Michel PiersonI spoke recently with Michel Pierson, resurrector of the unique picture-poem "Un coup de Dés" ("A Throw of the Dice") by French Symbolist luminary Stéphane Mallarmé, about how he reconstructed the poet's original intentions in print and online. * * * TeleRead: How difficult was it to recreate the author's original plan for the poem, both in print and online? Michel Pierson: We worked in 2002 from photographs of one of the last sets of proofs of the Vollard edition project held at the Bibliothèque nationale. Reconstruction of the missing Didot font and the  layout (or "staging, " in Mallarmé's terms), was very time-consuming,...

The state of ebook typography
April 9, 2012 | 11:10 pm

20120404 fg1 Fascinating article (I love typography) by James Felici in CreativePro.  I suggest you read the whole thing and take a look at the illustrations as well: Whether on Kindle, iPad, Nook, or other LCD display, type suffers compared to print. So is good typography even possible for today’s electronic devices? From the standpoint of the craft’s two underlying principles — legibility and readability — the answer is "no." If you look at the size of the type most people choose for their Kindle, iPad, or any other device used for reading e-books, you’ll see that it tends to resemble that in books...

Typographica’s favorite typefaces of 2011
January 31, 2012 | 8:50 am

Typefaces of 2011 140x140 From the Typographica site: The idea is simple: I invite a group of writers, educators, type makers and type users to look back at 2011 and pick the release that excited them most. The reviews range from the academic (like Paul van der Laan on Zizou or Jens Kutilek on FB Alix) to the theoretical (such as Jan Middendorp on Agile) to the personal (like Carolina de Bartolo who reviewed Calibre and Periódico after firsthand experience with a redesign of WIRED magazine) to the playfully unexpected (Microsoft’s Si Daniels praises Apple Color Emoji) to the exclamatory (Matthew Butterick...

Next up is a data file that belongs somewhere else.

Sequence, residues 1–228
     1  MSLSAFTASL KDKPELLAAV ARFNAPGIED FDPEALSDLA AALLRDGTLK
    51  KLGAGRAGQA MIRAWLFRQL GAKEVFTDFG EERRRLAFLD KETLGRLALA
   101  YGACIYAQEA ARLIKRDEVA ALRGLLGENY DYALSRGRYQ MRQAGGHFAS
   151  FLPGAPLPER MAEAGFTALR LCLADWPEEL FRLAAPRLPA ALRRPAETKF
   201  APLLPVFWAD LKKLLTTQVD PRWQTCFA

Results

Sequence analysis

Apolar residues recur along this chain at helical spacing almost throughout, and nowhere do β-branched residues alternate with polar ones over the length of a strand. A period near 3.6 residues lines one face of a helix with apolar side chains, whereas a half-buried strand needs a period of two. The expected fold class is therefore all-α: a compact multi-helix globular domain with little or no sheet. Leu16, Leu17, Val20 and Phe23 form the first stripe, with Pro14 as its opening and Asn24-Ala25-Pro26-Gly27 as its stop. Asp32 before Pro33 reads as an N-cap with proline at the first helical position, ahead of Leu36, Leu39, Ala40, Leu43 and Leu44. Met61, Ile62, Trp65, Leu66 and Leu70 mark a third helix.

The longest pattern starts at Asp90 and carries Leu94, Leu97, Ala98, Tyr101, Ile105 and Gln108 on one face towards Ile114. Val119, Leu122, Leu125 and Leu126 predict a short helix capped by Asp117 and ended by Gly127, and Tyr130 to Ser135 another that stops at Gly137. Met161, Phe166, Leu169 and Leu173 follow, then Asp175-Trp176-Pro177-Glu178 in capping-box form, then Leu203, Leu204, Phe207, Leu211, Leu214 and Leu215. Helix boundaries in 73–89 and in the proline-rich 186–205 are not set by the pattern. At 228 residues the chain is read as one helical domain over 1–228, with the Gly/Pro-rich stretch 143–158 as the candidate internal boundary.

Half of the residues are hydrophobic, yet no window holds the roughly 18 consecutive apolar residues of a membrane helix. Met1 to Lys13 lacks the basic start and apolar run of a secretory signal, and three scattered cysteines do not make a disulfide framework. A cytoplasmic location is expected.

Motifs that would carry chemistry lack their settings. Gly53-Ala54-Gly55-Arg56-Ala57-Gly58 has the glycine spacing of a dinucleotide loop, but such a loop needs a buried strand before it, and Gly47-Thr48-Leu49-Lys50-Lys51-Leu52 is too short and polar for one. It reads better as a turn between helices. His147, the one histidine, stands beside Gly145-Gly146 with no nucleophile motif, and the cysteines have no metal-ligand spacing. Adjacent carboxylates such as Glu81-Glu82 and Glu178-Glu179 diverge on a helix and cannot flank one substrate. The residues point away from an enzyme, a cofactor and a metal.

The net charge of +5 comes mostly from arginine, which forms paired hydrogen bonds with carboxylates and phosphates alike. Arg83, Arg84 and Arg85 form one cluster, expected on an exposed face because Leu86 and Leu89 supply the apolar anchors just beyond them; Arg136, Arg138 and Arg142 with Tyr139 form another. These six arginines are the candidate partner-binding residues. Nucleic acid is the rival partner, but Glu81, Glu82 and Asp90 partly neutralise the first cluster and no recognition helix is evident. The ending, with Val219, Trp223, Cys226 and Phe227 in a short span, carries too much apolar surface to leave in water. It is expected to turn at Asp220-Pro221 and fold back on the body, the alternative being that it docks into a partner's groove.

A typographic checklist
May 8, 2011 | 10:16 am

AChecklistThis checklist is from an article in Monotype Imaging's fonts.com site.  If you go to the original article you will find links to each item on the list with an explanation of why it is there.  The list was compiled by Ilene Strizver, founder of The Type Studio and a typographic consultant. I always recommend that designers and students make a typographic checklist to help avoid committing type crimes, as well as to aid in finessing their typography. I’ve decided to create a checklist that covers issues I’m most frequently asked about in my workshops. You can download the PDF and print...

Michael N. Marcus: Ugliness of e-book formatting bleeding over into print books
November 1, 2010 | 2:52 pm

pizzas Michael N. Marcus, who I mentioned a few days ago when Amazon subsdiary CreateSpace refused to print his book because it mentioned Amazon (they subsequently called him to apologize and let him know that was a mistake) has written a post comparing books vs. e-books to craft vs. chain pizza. The analogy is made on the basis of typographical matters and quality. After painstakingly examining a 318-page book he’s publishing line by line to make sure that word spacing, hyphenation, and so forth look as good as possible on the page, he received a copy of Dan...

Overcoming iBooks’s full justification with Calibre
April 17, 2010 | 8:07 am

justification One of the annoyances Stephen Coles cited in his article about iPad typography was the way that iBooks uses full justification with no hyphenation. This was also something that annoyed me about the Sony and Astak e-readers that I reviewed. While I do not know of an easy way to add hyphenation, the full justification is something that can be dealt with (at least for DRM-free e-books, such as those from Baen), using our old friend Calibre. (This also works for the Sony, Astak, and presumably any other EPUB readers with no internal control over justification.) ...

iPad typography leaves something to be desired, says The FontFeed
April 9, 2010 | 4:01 pm

Table of Contents formatting Stephen Coles at The FontFeed has an article about what the iPad is missing. As you might guess from the name of the website, it is about the iPad’s typography and font selections. Coles dislikes the way that iBooks uses full justification with no hyphenation, causing wide gaps and “rivers” in text displays on-screen, and lacks proper handling of widows, orphans, and line breaks. (Liz Castro of the “Pigs, Gourds and Wikis” blog has an article about formatting problems with a number of books in iBooks, from which Cole took one of his screenshots.) I definitely have to agree that such...